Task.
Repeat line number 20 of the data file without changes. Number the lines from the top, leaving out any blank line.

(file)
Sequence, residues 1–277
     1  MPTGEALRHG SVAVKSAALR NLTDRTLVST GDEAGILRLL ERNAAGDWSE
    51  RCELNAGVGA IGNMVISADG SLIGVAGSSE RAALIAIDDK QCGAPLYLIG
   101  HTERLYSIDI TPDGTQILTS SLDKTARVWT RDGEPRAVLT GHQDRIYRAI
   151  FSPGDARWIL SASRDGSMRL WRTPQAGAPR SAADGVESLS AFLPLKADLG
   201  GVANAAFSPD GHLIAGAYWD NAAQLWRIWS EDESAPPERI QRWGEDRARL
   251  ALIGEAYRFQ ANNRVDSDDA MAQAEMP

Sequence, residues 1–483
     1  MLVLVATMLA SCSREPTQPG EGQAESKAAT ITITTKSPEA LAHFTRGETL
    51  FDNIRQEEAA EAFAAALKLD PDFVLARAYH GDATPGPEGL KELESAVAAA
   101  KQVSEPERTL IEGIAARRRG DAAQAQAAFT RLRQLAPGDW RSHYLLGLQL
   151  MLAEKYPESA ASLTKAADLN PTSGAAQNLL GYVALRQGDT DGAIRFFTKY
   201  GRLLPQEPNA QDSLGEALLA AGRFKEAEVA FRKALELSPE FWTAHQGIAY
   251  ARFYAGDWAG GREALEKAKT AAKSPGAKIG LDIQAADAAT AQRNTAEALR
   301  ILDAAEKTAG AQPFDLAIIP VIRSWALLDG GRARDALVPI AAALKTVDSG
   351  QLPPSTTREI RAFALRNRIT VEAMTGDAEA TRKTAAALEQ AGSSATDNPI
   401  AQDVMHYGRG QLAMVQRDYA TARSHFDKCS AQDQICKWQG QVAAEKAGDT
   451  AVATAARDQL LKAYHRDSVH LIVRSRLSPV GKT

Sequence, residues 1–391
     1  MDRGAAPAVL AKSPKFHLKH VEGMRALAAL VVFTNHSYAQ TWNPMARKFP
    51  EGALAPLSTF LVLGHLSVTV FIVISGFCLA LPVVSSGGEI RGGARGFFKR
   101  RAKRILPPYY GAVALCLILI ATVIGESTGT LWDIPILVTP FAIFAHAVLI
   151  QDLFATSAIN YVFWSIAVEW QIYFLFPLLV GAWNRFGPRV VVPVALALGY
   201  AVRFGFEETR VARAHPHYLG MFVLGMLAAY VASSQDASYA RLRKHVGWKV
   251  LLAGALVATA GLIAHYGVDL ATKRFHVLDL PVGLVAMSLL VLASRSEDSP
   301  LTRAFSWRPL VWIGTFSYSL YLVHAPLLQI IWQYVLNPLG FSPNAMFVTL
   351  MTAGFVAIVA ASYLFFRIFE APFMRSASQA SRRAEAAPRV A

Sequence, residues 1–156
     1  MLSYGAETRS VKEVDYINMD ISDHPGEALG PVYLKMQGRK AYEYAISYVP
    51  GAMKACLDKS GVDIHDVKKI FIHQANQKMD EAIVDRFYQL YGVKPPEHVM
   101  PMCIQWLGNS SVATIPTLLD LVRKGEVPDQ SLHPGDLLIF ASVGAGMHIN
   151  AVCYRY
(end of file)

     1  MDRGAAPAVL AKSPKFHLKH VEGMRALAAL VVFTNHSYAQ TWNPMARKFP